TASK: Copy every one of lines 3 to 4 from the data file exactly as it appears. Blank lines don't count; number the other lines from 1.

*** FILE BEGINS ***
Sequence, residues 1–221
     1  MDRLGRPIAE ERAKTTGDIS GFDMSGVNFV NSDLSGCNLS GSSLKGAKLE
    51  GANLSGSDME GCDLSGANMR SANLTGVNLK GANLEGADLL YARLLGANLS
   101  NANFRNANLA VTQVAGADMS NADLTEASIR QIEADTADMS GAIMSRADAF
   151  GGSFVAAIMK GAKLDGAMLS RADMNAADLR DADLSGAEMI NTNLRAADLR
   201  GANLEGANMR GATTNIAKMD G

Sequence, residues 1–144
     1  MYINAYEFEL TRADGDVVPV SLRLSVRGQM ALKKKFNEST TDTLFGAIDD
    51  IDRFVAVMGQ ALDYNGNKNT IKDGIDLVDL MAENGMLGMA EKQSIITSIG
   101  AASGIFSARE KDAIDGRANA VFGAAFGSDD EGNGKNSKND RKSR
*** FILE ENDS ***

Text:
    51  GANLSGSDME GCDLSGANMR SANLTGVNLK GANLEGADLL YARLLGANLS
   101  NANFRNANLA VTQVAGADMS NADLTEASIR QIEADTADMS GAIMSRADAF